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Q&A: What song forms are used for film scoring?
By Mary Dawson - 07/17/2007 - 12:37 AM EDT


Hi. I read your articles about song form on Really great info! Thanks.

I was wondering if you had any information on song form for film scores (like John William or Alan
Silvestri) or video games. These songs usually don't have lyrics, and from listening to them I don't think they follow the major song forms to a tee. So, I'm trying to figure out what to call each of the sections of the song I hear.

For example, a composer named Sean Hannifin - AKA WizardWalk, wrote a beautiful orchestrated song called Broken Swords. He says it's in ABCBA format. Here is the song:

Do you know common song forms used for film scores and videogames?  Also, would you recommend any good books (or websites/articles/courses, etc) that also deal with song form? Thanks.


Hi Terry:

Excellent Question! I listened to "Broken Swords" and it is lovely and very creative...perfect for a film.

Personally, I don't believe a film score requires strict adherence to form as a commercial "hit song" would. Usually music for films is the background for action taking place on the screen and takes its "form" from what is happening. Seldom would you hear a whole composition from start to finish unless it was at the end under the credits or something.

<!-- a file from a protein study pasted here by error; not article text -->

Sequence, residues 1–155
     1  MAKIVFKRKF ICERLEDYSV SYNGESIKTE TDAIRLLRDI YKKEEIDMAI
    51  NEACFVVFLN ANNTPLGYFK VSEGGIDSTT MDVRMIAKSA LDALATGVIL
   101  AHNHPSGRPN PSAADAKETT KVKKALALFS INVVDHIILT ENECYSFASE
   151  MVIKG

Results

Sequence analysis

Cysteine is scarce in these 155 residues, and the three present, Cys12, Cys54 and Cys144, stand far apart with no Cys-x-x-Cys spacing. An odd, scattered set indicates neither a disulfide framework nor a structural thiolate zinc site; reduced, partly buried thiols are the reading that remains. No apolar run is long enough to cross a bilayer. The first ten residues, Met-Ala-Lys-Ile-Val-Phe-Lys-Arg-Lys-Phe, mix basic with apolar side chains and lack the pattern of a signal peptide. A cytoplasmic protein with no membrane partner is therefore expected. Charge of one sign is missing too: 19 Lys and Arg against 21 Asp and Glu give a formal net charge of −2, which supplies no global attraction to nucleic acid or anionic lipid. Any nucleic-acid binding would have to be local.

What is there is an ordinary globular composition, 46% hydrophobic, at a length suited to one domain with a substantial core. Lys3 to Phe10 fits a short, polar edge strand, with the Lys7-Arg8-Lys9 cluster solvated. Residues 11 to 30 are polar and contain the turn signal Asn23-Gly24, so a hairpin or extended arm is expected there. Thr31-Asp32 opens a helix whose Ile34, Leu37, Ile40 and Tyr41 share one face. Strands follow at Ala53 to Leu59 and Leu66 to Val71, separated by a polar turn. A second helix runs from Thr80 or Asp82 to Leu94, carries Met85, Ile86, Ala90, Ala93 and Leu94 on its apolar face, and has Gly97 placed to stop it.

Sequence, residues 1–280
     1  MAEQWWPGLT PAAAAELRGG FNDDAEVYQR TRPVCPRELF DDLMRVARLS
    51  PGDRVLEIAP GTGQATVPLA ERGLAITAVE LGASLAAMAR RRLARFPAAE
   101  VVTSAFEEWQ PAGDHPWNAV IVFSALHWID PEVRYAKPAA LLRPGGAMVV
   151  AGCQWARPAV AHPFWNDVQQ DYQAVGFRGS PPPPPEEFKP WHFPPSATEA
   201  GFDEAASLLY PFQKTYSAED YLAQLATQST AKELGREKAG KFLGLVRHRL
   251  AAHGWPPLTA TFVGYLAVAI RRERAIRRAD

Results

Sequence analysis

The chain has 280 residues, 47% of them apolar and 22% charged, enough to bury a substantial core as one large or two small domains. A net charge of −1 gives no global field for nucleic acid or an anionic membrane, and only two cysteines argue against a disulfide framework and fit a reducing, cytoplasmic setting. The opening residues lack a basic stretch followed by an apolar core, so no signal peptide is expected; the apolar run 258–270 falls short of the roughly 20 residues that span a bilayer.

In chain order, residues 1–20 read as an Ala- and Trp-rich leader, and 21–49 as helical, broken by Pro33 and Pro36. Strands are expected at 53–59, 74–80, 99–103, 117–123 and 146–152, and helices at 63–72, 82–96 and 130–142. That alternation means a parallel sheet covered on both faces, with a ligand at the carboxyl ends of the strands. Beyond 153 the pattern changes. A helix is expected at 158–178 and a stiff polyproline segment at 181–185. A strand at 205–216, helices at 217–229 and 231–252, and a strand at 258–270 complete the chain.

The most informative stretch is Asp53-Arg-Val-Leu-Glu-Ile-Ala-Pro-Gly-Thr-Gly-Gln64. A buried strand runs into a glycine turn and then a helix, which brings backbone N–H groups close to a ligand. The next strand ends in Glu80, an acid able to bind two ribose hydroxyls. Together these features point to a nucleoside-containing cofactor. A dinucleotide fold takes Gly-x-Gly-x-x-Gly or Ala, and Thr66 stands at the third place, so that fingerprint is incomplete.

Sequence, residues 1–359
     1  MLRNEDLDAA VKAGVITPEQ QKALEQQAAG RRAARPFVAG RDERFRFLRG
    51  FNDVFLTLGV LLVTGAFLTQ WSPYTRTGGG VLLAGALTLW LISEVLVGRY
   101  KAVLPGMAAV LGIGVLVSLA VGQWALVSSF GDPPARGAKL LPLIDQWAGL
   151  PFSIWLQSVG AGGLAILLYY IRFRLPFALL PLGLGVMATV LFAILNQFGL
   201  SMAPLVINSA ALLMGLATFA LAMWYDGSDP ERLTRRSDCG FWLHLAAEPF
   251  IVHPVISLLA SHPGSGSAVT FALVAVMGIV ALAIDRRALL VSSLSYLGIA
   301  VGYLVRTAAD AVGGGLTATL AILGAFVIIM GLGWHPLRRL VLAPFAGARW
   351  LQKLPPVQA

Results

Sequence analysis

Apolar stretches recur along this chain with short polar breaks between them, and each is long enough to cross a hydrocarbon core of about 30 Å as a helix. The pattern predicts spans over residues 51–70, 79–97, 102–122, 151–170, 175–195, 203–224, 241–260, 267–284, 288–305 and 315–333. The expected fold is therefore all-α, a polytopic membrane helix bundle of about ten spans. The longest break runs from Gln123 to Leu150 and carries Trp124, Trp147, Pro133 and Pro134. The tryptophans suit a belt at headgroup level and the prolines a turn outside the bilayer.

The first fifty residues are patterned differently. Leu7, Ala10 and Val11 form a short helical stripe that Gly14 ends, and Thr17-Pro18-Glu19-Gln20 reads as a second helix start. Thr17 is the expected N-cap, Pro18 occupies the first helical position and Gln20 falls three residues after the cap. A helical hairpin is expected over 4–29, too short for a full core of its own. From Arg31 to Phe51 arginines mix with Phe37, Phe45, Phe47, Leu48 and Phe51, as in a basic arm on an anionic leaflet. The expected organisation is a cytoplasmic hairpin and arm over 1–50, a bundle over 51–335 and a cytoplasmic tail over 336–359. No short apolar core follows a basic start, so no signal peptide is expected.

In "Broken Swords" there is definitely a main melodic line, but it doesn't change much melodically. It changes by adding instruments and dynamics more than by adding what we would term a "chorus" or a "bridge."

My articles on song form are more geared toward what we would call "commercial songs" -- that is, songs containing both words and music that you might hear on the radio. While it may be possible in some instances to define those same sectiond in an instrumental piece, it is not as necessary. You can really call each section whatever you wish...a movement, a refrain etc.

If, by chance, there are repeated sections that clearly sound like a "chorus," you can call them that. Or if there is a very contrasting section that goes to a different place musically and then resolves back into the repeated theme, you can call it a bridge.

I hope this helps a little. Thanks so much for your interest in my articles.

Every Blessing,

Mary Dawson

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